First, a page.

11 Startups Competing in the $15 Million Global Learning XPRIZE Contest

As an innovation engine and a facilitator of exponential change, XPRIZE has done a lot for the future. Whether it’s through a lunar program that will see private companies on the moon in a few short years or an adult literacy initiative helping teach people how to read around the world, XPRIZE is making the world a better place for future generation.

This effort is all the more obvious when you consider the fact that they have just announced the 11 semi-finalists for the Global Learning XPRIZE contest. The goal of this XPRIZE is to develop open source and scalable software that will enable children in developing countries to teach themselves basic reading, writing and arithmetic within 15 months.

“Throughout my career, I’ve seen the many ways technology has evolved to help children access an education they may otherwise not have,” said Matt Keller senior director of the Global Learning XPRIZE. “What most excites XPRIZE about these semi-finalist teams is the possibility that their innovative software solutions can exponentially transform the way learning happens across the world, especially in places where children simply cannot get to school.”

If you’re interested in keeping up with the progress of this XPRIZE, follow along on their website, and make sure to check out the competing companies below:

AutoCognita (Hong Kong, China & Bellingham, WA, United States)

This company is focused on helping students acquire core literacy and numeracy skills through a structured curriculum, active learning pedagogy and user experience-focused design.

CCI (New York, United States)

This company is developing structured and sequential instructional programs, in addition to a platform seeking to enable non-coders to develop engaging learning content in any language or subject area.

Chimple (Bangalore, India)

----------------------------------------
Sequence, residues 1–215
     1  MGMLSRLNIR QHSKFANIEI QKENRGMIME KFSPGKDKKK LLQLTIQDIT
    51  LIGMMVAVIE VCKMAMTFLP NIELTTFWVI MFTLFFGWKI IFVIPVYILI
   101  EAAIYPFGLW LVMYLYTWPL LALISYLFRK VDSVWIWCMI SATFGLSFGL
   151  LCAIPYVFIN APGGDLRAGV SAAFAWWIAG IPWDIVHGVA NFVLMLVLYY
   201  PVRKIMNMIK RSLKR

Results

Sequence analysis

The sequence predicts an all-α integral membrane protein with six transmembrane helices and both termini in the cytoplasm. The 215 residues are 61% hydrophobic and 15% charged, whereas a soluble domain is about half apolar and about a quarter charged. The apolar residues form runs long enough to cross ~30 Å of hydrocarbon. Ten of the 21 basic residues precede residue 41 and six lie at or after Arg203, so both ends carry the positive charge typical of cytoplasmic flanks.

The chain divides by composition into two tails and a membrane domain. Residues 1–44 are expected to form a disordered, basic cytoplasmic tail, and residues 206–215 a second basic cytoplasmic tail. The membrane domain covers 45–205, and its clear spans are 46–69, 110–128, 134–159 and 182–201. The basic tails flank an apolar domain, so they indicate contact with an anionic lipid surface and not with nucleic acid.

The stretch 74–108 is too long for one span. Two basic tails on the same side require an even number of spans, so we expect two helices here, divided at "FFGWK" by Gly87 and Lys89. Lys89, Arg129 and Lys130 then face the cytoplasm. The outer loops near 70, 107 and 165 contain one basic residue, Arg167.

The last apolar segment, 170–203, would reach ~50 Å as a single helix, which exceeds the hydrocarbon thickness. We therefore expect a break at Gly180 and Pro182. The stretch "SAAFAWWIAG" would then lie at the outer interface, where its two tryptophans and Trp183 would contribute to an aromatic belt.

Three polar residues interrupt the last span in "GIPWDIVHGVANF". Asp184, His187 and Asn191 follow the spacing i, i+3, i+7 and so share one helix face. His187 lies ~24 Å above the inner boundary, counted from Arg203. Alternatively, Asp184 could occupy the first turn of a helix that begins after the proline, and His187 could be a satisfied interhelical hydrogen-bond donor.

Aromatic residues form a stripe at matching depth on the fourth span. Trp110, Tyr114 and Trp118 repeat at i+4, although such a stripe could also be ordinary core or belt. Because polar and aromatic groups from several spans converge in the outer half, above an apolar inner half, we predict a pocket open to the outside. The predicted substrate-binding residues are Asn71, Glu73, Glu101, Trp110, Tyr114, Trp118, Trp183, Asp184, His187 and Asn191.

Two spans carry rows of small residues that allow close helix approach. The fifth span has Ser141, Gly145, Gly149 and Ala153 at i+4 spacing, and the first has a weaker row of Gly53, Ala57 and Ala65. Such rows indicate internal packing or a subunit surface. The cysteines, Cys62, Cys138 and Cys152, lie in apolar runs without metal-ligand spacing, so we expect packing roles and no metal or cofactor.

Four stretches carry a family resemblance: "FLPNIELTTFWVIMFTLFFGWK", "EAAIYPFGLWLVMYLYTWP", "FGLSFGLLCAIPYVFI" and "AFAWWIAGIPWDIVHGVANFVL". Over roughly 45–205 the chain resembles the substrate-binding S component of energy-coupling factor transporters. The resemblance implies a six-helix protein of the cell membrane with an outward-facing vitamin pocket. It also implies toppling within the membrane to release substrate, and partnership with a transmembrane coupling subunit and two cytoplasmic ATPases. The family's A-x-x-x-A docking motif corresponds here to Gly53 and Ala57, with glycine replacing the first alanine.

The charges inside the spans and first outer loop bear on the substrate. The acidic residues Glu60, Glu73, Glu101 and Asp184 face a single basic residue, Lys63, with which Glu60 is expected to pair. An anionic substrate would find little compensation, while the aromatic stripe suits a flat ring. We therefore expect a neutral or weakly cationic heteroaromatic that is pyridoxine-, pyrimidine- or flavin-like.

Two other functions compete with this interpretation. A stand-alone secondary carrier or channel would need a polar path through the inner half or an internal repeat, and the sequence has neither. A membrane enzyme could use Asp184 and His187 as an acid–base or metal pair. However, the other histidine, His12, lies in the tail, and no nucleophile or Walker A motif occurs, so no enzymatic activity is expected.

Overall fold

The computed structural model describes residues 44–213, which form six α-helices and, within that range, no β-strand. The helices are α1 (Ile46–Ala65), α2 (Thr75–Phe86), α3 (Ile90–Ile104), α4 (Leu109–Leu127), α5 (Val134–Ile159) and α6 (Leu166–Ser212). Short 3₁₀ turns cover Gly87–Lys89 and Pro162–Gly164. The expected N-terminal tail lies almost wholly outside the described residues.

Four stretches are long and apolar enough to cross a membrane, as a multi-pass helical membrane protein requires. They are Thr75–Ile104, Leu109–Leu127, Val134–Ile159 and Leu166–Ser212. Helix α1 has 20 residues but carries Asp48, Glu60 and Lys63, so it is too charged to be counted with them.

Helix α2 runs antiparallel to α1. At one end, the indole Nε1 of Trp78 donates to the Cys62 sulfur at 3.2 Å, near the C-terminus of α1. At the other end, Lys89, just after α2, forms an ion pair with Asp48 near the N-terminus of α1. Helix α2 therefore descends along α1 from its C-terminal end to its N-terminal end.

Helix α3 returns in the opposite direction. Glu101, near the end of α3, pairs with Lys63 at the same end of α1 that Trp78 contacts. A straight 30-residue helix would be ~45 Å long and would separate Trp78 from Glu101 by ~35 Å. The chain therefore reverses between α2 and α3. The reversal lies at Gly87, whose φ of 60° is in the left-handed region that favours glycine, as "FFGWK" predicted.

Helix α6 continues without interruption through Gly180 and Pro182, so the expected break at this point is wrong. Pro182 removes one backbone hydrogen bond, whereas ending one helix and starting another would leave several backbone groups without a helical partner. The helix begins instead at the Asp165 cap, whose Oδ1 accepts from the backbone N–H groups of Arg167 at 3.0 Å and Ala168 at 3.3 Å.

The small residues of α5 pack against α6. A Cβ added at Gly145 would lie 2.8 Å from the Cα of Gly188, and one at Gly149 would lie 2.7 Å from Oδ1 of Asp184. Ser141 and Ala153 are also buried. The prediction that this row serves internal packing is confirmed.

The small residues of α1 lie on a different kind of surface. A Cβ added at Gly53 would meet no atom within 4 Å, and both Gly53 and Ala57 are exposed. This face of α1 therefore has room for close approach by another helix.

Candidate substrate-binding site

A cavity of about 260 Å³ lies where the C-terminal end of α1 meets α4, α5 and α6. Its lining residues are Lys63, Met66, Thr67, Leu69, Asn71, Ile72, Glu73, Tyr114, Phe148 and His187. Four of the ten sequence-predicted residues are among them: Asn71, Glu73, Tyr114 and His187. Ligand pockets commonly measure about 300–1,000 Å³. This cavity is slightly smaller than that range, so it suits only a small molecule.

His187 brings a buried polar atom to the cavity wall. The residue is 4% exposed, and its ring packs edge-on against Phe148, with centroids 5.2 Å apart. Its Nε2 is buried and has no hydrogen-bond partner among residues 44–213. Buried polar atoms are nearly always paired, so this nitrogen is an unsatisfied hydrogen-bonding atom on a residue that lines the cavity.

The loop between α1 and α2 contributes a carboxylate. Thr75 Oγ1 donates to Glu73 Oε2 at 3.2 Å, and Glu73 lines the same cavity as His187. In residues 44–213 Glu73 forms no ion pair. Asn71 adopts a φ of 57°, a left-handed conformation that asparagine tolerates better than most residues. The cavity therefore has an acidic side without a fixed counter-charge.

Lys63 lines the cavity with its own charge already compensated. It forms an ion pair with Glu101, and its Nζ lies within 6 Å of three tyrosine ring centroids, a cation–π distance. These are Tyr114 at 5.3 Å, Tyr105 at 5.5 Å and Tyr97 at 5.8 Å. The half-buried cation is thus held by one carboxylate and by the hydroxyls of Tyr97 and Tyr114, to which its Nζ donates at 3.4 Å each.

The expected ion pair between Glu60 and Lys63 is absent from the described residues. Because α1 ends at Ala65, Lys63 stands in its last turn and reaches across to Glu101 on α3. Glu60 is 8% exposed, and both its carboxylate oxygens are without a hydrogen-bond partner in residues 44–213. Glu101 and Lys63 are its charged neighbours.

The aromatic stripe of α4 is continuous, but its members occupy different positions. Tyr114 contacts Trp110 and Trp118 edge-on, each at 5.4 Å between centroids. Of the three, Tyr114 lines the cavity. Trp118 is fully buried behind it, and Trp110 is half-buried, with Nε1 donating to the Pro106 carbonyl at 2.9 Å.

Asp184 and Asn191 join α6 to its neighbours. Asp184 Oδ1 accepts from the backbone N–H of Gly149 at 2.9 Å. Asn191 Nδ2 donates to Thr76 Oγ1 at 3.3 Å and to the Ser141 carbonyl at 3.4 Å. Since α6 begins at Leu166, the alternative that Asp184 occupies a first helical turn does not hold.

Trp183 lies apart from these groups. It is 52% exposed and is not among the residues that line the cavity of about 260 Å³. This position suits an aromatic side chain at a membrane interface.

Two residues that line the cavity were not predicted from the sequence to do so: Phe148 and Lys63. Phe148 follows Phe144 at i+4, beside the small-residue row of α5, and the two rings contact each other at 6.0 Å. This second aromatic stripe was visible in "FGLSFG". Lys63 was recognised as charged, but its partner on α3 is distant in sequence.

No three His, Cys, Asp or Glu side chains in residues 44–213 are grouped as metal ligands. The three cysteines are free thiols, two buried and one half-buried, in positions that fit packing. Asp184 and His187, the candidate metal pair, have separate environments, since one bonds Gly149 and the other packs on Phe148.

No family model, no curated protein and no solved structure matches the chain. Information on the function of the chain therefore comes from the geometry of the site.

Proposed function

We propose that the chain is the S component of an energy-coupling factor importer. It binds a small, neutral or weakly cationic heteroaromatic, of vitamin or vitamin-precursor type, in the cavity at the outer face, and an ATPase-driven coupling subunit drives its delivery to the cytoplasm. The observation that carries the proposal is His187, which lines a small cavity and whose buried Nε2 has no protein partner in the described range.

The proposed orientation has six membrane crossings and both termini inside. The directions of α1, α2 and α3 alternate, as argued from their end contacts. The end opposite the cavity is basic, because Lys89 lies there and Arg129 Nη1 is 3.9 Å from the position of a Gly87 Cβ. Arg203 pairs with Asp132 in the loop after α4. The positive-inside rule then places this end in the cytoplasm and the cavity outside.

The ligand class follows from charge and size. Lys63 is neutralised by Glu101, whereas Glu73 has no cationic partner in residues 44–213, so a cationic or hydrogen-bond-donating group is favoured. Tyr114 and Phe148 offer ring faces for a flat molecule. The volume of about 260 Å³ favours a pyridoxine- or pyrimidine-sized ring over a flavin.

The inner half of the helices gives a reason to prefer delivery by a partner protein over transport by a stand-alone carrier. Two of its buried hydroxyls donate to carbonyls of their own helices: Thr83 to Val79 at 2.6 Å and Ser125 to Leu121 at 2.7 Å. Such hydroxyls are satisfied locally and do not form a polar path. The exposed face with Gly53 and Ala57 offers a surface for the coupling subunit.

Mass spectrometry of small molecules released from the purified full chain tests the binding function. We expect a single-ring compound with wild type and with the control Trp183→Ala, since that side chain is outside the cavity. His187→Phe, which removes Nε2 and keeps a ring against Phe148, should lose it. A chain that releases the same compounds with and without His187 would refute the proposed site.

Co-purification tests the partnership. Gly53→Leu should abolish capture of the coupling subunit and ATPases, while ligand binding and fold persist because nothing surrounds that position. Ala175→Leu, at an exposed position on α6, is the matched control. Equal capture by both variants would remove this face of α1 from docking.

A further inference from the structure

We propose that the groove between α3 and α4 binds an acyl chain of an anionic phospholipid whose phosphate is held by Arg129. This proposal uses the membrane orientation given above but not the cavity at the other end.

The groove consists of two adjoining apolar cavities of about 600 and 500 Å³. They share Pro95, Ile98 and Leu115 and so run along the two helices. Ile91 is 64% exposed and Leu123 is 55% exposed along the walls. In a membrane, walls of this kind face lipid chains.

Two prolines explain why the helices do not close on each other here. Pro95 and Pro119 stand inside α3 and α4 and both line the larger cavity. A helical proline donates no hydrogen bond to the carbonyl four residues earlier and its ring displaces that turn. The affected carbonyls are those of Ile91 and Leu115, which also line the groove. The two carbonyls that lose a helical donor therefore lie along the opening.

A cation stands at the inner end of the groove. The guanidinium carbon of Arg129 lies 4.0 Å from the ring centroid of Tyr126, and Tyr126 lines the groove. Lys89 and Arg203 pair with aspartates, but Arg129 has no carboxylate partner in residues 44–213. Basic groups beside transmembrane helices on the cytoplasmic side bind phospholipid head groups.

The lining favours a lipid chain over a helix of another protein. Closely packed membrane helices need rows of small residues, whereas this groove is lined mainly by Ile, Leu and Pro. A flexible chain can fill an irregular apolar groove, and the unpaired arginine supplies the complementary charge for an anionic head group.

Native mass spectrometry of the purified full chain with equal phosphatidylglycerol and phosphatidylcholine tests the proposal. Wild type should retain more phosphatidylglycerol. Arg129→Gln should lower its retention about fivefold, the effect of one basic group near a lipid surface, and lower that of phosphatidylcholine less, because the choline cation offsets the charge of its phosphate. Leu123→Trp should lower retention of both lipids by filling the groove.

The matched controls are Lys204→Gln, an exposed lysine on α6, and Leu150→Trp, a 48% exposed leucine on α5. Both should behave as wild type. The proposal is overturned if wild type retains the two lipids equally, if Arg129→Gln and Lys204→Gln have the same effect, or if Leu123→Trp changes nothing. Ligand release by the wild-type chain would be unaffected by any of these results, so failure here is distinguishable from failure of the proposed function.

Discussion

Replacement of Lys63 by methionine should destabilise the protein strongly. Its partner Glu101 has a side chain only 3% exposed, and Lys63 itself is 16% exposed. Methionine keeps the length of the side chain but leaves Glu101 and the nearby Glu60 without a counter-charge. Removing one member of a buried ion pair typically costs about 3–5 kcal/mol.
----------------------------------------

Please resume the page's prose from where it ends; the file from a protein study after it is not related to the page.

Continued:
This company is developing a learning platform aimed at enabling children to learn reading, writing and mathematics on a tablet through more than 60 explorative games and 70 different stories.

Education Apps for All (Lynchburg, United States)

This company is developing an app that aims to systematically teach the building blocks of reading while encouraging oral language development and reading comprehension.

Kitkit School (Berkeley, United States)

This company is developing a learning program with a game-based core and flexible learning architecture aimed at helping children independently learn, irrespective of their knowledge, skill, and environment.

Leap to Know (Pretoria, South Africa)

This company is developing an app rich with culturally relevant stories that help to build learning foundations for children at different education levels.

Learn Leap Fly (Ottawa, Canada)

This company is using social software and story-based learning to deliver a culture and language-adaptable learning platform for reading, writing, and arithmetic.

LiteracyApp.org (Kristiansand, Norway)

This company is using exponential technologies like face recognition and machine learning to build an artificial intelligence (AI) tutor able to adapt itself to different children.

onebillion (UK/Malawi/Tanzania)

This company is merging numeracy content with new literacy material to offer directed learning and creative activities alongside continuous monitoring to respond to different children’s needs.

RoboTutor (Pittsburgh, United States)

This company is leveraging Carnegie Mellon’s research in reading and math tutors, speech recognition and synthesis, machine learning, educational data mining, cognitive psychology, and human-computer interaction.

The School of Games (San Francisco, United States)

This company is creating a series of games to teach reading, writing, numeracy and speaking skills that adapt to different learning styles.

Read more about other XPRIZE competitions on Tech.Co

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Written by:
Conor is the Lead Writer for Tech.co. For the last six years, he’s covered everything from tech news and product reviews to digital marketing trends and business tech innovations. He's written guest posts for the likes of Forbes, Chase, WeWork, and many others, covering tech trends, business resources, and everything in between. He's also participated in events for SXSW, Tech in Motion, and General Assembly, to name a few. He also cannot pronounce the word "colloquially" correctly. You can email Conor at conor@tech.co.
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